I stand by my contention that discussing the relative "dangerousness" of one type of flying over another is a pointless exercise. You, like any other poster on Avcanada are of course free to disagree and/or disregard my comment but I will not retract it or apologize for it because I think it represents fair commentary.
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Re: Are we being too "friendly" with students?

Post by Pop n Fresh »

I think you underestimate how short the attention span is of Internet people. I noticed the effects on mine.
The constant repetition does not assure people will remember the next day but it probably helps.
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Re: Are we being too "friendly" with students?

Post by timel »

---------
To answer post on first page


I used to go out for a beer with my students after a late theory ground school class. And we had real fun.
Most private pilots who learn to fly want to have fun too.

Few of them are now commercial pilots, and I work with two of them. One was even my captain at some point.

But when as an instructor it came to kicking some butts, becoming strict in flight, being friendly didn't stop me from making my job, actually if I really appreciated them, than I just wanted more than everything them to be excellent.

Know what, this is real life in a cockpit. Being a friend doesn't mean you have to stop to be a professional.

Bill your time fairly. No shame about that.
Just don't fall in love with your blond student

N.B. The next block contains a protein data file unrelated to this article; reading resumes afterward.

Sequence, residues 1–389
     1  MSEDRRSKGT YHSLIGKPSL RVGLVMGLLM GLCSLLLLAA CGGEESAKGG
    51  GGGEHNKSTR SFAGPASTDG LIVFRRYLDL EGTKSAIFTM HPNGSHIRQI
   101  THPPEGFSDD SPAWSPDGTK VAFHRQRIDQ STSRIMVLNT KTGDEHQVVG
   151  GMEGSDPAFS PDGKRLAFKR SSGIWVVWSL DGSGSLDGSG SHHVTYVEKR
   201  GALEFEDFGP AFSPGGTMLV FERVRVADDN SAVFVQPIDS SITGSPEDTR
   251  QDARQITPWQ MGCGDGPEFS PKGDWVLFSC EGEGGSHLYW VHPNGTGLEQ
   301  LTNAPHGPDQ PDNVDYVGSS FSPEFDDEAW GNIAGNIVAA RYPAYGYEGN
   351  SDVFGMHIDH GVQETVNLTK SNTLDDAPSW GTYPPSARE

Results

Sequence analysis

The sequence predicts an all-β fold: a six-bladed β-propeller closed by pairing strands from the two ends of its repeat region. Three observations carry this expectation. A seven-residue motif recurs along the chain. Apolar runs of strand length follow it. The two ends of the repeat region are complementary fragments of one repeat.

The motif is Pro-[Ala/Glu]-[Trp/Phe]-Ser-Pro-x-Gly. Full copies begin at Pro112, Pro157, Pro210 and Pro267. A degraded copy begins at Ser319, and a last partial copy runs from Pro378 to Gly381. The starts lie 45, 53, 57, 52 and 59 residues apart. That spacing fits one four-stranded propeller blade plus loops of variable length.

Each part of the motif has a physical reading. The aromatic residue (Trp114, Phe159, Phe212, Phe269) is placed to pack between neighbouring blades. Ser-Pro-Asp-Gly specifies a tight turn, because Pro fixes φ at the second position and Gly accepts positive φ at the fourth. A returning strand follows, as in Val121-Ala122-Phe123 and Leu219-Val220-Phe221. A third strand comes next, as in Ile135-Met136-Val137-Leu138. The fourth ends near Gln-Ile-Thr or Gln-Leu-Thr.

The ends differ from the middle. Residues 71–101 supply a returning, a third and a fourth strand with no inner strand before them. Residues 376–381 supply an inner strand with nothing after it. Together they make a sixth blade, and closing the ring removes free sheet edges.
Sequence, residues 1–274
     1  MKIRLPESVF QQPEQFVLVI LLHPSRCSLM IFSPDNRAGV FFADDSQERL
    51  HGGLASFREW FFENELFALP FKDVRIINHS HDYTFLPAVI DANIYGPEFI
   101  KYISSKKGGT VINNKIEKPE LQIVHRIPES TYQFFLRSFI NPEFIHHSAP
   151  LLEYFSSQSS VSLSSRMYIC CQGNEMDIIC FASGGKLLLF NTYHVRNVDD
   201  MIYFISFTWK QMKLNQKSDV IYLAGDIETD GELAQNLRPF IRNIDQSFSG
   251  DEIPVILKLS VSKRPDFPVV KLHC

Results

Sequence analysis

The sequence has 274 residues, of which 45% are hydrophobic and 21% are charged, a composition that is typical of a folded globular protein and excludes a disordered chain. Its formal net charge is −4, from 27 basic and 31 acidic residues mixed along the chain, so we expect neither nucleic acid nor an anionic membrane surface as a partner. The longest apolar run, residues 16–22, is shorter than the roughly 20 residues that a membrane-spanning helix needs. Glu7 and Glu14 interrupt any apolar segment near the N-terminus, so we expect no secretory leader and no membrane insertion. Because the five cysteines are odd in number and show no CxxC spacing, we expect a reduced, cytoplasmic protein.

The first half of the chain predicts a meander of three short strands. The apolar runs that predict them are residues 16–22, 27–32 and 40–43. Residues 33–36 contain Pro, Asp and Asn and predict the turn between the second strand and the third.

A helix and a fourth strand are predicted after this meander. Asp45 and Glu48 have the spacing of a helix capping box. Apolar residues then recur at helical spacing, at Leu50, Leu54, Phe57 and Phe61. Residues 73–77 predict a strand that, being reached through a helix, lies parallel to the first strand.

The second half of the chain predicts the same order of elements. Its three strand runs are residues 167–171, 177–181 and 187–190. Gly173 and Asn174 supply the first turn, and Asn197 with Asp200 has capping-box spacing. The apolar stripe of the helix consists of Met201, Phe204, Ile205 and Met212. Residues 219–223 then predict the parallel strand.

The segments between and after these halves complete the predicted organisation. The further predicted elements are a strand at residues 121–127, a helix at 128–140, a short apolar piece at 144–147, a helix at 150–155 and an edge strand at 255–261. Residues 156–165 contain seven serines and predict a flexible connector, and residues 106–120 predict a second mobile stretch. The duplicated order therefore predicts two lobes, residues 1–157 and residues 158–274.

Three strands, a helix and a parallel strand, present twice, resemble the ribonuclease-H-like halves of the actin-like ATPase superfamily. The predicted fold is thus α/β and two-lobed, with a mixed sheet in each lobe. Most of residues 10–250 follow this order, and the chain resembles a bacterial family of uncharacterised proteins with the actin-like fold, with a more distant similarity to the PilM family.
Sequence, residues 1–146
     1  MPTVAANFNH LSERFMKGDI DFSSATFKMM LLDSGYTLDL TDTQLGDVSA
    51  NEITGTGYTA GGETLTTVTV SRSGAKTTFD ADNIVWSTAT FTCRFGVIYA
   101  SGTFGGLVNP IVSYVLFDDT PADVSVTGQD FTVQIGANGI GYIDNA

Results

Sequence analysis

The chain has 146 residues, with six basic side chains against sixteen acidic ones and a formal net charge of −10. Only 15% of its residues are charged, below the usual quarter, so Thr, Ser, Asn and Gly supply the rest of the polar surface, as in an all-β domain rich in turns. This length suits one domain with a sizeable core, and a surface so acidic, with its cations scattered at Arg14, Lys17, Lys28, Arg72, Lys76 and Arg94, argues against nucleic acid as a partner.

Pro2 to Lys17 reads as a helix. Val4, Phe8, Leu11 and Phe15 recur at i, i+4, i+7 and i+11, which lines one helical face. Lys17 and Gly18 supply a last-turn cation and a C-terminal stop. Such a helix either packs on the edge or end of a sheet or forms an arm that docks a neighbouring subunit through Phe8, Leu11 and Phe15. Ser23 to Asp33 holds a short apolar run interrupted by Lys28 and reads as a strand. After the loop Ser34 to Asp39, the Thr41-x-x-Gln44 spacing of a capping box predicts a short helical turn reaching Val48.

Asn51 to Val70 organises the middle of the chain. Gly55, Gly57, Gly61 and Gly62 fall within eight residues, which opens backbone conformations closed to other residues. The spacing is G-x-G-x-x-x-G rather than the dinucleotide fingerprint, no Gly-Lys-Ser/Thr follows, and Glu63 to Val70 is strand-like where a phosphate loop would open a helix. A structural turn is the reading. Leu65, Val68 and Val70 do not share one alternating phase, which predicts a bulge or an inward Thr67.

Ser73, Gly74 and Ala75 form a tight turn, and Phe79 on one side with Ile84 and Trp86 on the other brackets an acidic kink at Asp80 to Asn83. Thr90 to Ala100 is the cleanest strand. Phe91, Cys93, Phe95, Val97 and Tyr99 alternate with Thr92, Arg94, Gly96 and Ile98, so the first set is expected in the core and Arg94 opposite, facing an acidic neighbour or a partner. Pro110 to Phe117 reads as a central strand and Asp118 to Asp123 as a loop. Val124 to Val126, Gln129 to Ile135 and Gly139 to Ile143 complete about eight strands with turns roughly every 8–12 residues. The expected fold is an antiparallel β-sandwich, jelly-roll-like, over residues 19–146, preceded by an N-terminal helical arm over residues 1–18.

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Re: Are we being too "friendly" with students?

Post by Big Pistons Forever »

timel wrote:---------

Just don't fall in love with your blond student
Too Late ! :D
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Re: Are we being too "friendly" with students?

Post by eh3fifty »

Colonel Sanders wrote:...my
life philosophy of the pursuit of excellence.
What about that one misty August day in 2001?
BPF wrote:I stand by my contention that discussing the relative "dangerousness" of one type of flying over another is a pointless exercise.
I agree that it's usually pointless if you are discussing with inexperienced and/or immature people. However, discussing the matter with experienced and mature people generally ends up coming to a positive conclusion without the dick measuring. It's more about who's involved in the discussion than about what topic the discussion is on.
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Colonel Sanders
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Re: Are we being too "friendly" with students?

Post by Colonel Sanders »

one misty August day in 2001?
A fabulous bit of flying, if I do say so myself.

You were there, I presume?

40 years of some pretty interesting flying of
some pretty interesting airplanes in some
pretty interesting places, and not one ding.

The Convergence of the Central Limit Theorem applies.

Image
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Re: Are we being too "friendly" with students?

Post by eh3fifty »

I wasn't there unfortunately but I heard all about it and read a 28 page report on it! ;)

I'll PM you.
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Re: Are we being too "friendly" with students?

Post by Colonel Sanders »

28 pages? You didn't scratch the surface. By
the time we were through the Tribunal, Tribunal
Review, Federal Court and Federal Court of Appeals,
there were several linear feet of documents, and
a really bad precedent set by Transport concerning
the applicability of Double Jeopardy to Administrative
Law. Fortunately they were not able to outlaw all
aerobatics below 18,000 feet, as they attempted.

A trip through the Looking Glass, indeed.